Grandma Grace’s Artichokes

My grandmother made the best stuffed artichokes. It’s a well-known fact. My mother tried for years to get her to share her secret. Gram always told her she’d tell her one day, but that day never came. Grandma Grace died without ever passing her recipe along. Since then, mom’s tried. I’ve tried. We both think we know what it was she did, but neither of us have ever been able to duplicate them. It’s not that our stuffed artichokes aren’t good. They’re just not Grandma’s.

My grandmother was never an amazing cook. Plain and simple was her style. That’s what her artichokes were too. (She did share with me once one of her secrets–Wonderbread. Yes. Wonderbread.) I’m good with flavors, at being able to pick out even the most subtle herb in any dish. Why couldn’t I figure out Gram’s simple recipe? With Thanksgiving coming up, I bought four artichokes to practice on. If I got it right, I would bring them to my brother’s for Turkey Day.

Mulling over past attempts, trying to devise a new strategy, I had an epiphany. At last and finally, I realized I was never going to be able to make Gram’s artichokes. Ever. She’s gone, and she took her secrets with her. I couldn’t duplicate her recipe, only replicate it to the best of my ability.

My best is pretty damn good. Honoring her tradition, I used the ingredients I know she used, but for the first time, I made them my way. I added things I knew would enhance what I’d tried in the past. They were amazing. Dare I say it? Even better than Gram’s. Yes. I dare. I think she would agree. Mine were over-the-top delicious. The only nit I had was that there was too much stuffing. Next time, I’ll stuff them less.

I don’t do measurements, I eyeball everything, but here’s my recipe.

Gracie’s Stuffed Artichokes, Terri-Style

Four large artichokes

1 sixteen inch semolina loaf (has to be semolina)

1 cup grated parmesan cheese

1 cup grated romano cheese

2 eggs

1/3 c olive oil

garlic–lots of garlic (I used about a tablespoon and a half of minced, dried garlic. Gives it more of a kick than fresh.)

1 tsp salt (never skip the salt. It’s not like you make artichokes often)

1 c fresh baby kale*

1 c fresh watercress*

(*I threw these in because I had them in the house. It gave the artichokes a nice, earthy flavor. Arugula would have worked really well, too.)

32 oz container chicken stock

1 1/2 c white wine (not too dry, not too sweet)

2 tsp capers

3 tbsp lemon juice

2 tbsp butter

Cut stems off the artichokes so that the bottoms are flat. Clip the tips (they’re sharp!) off the leaves. Wash thoroughly, opening up the artichoke nice and wide to make stuffing easier (see photo below.) Turn them upside down to dry while you assemble the stuffing.


Steaming liquid: Put the stock, wine, lemon and capers into a large stock pot. Bring it to a simmer while you assemble the rest. NEVER BOIL IT! Boiling kills the flavor of the wine and capers, and makes the lemon bitter.

Stuffing: Chunk up the semolina and put it in the food processor. You want it coarse, not fine. Toss it into a big bowl with the cheeses, eggs, olive oil, garlic, kale, watercress, and salt. Mix it well. I use my hands. It’s the best way to make sure it’s all incorporated. The stuffing will hold together if you press it into a ball. If it doesn’t, add a little olive oil until it does.

Stuff the artichokes between each of the larger, outer leaves. You should be able to get fairly close to the center before they get too small. Shove a good bit into the center. This is messy business. Do it on a cutting board to make re-gathering the stuffing that misses the artichoke easier. Don’t over-stuff it. Yummy as the stuffing is, it gets to be a bit much.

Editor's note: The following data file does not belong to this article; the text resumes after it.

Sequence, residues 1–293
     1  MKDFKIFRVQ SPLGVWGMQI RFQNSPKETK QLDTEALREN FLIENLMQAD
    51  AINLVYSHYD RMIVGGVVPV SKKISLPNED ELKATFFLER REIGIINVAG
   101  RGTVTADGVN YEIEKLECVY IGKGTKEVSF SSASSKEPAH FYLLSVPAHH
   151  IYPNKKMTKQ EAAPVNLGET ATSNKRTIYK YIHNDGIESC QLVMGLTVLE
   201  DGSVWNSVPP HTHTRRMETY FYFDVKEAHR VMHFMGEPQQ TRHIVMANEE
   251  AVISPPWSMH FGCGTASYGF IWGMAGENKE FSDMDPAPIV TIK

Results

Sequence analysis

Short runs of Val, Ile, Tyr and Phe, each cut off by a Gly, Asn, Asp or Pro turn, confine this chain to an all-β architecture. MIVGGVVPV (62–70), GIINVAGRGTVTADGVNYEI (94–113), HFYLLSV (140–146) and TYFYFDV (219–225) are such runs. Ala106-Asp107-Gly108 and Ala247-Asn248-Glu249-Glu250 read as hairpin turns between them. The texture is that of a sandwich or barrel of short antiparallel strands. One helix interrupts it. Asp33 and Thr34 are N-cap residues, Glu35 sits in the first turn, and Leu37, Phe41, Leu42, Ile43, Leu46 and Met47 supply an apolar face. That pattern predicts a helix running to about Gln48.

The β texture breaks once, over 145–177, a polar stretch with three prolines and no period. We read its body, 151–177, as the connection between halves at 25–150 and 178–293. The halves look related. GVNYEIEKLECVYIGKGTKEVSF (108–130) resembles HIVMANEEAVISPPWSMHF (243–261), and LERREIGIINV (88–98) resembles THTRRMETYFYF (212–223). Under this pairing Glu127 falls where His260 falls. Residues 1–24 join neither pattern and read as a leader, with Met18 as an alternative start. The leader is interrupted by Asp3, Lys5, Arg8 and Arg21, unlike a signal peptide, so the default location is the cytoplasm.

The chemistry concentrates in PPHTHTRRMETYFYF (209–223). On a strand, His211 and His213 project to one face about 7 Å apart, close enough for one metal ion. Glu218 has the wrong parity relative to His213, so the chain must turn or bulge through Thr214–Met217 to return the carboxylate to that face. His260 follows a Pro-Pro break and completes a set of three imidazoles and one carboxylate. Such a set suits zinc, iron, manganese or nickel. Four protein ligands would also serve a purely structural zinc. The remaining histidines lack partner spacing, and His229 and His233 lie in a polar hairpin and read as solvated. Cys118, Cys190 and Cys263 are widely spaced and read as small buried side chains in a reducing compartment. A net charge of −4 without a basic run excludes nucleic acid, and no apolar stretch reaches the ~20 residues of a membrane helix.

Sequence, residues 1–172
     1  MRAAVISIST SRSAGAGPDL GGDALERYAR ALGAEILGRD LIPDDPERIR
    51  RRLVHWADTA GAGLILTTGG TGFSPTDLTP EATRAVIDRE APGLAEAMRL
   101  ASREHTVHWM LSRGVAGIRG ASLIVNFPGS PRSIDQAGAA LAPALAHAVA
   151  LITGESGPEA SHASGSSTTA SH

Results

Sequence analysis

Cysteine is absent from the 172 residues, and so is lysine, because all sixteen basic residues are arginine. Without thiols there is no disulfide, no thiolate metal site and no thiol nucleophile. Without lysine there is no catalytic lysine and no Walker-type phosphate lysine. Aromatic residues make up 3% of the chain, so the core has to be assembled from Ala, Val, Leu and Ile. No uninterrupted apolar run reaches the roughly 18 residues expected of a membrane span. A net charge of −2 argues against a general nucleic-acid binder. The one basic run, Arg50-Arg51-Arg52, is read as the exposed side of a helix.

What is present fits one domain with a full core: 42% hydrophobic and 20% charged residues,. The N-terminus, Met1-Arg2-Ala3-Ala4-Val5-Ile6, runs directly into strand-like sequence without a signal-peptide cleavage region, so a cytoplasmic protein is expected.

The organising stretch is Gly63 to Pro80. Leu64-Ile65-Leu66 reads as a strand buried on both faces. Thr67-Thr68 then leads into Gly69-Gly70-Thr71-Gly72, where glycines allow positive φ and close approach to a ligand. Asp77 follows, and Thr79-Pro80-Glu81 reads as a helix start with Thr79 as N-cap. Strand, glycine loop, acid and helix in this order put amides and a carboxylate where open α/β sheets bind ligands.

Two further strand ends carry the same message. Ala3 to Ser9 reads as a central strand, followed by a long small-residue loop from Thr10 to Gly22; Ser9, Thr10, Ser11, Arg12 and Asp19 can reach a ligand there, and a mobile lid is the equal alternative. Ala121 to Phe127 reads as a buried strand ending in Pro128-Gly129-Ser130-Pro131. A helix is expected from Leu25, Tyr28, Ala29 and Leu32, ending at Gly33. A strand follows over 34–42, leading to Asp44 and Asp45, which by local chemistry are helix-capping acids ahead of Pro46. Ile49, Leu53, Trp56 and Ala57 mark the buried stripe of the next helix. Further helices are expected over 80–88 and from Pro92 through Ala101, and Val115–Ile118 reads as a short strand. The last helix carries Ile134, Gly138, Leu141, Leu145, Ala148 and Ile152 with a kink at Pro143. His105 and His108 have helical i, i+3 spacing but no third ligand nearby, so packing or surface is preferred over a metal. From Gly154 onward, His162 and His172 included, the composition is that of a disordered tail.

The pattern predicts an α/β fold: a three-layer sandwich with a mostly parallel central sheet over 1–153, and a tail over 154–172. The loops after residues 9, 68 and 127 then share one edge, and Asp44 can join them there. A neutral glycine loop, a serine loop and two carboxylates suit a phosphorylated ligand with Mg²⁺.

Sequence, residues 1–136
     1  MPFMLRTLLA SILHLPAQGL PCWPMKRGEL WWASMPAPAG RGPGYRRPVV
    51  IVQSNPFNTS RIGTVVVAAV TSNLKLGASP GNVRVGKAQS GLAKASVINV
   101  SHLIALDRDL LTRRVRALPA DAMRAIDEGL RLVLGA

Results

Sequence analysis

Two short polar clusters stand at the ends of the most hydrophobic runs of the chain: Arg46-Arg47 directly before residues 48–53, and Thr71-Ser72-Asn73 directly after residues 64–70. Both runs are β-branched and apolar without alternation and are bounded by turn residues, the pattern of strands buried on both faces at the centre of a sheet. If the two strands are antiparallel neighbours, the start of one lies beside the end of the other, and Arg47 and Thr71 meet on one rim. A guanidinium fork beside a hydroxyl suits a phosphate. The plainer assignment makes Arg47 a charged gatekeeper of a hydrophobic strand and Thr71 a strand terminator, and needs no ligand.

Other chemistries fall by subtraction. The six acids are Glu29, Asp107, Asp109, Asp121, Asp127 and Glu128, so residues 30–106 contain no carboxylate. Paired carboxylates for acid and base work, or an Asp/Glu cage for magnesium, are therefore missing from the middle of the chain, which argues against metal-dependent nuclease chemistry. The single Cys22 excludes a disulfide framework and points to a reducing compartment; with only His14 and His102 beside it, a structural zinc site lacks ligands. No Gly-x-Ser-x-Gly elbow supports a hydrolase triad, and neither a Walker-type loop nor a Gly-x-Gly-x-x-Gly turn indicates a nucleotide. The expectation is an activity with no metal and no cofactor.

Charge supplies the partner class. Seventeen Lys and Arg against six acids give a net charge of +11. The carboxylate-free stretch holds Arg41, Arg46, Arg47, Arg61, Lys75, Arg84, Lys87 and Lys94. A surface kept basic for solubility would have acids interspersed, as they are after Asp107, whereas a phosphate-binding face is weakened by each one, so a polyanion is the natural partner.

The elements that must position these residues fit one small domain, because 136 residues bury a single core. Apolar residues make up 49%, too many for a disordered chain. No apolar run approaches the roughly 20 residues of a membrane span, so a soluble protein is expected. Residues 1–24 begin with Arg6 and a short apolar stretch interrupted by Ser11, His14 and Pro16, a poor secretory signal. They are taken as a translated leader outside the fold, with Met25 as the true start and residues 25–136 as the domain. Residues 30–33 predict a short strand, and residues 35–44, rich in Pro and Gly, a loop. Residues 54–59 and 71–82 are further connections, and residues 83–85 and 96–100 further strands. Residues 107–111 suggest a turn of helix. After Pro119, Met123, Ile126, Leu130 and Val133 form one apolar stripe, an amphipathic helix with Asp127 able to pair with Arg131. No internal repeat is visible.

Carefully lower the artichokes into simmering liquid. The liquid will come about halfway up the artichokes. Cover and let simmer 45 minutes to an  hour. When an inside leaf pulls away easily, they’re done. Remove artichokes from the liquid and set them onto a plate. There should be a good couple of cups of simmering liquid left. If there’s more, reduce it by simmering a little while longer. Remember–never boil! Take it from the heat, stir in the butter and pour the sauce back over the artichokes.

Eat them hot or cold, but warm is best.

If you try them, tell me! And send me a picture. This is not an actual pic of mine. I forgot to take one. But this is pretty much what it looked like.artichokes 1




Filed under Cooking

9 responses to “Grandma Grace’s Artichokes

  1. Dorian L. Cundari

    What does “1 sixteen inch semolina load” mean? LOL! I could but that is a new terminology for me.
    I’m thinking this would be a very delicious addition to Book Club this month! Hint Hint!!! They look and sound devine!!!


  2. Mark

    Yum! Buying a ticket for a food visit!


  3. Oh wow, this looks so good. But what is semolina loaf? Isn’t semolina what pasta is made out of?


  4. Janis Wohlschlaeger

    Looks good Terri. My Mom makes the artichokes. She’s shown me how to make them. Mine still will never be as good. Don’t want to sound like a critic but one key ingredient I don’t see in your recipe is parsley. Italian flat parsley, lots of it!!! Parsley goes into everything Italian. Hahaha, it offsets all the garlic.
    Have a good Thanksgiving Terri. The holidays are hard. (((hugs)))


    • Terri-Lynne DeFino

      Hello, Janis! Yes, the omission of parsley. I, personally, don’t like it. Too grassy. That’s where the watercress (sweet) and kale (bitter) came in. I like a little grassy, I guess the watercress is kinda, but parsley has always been too much so for me.

      Have a wonderful Thanksgiving, love! Hug Veronica for me.


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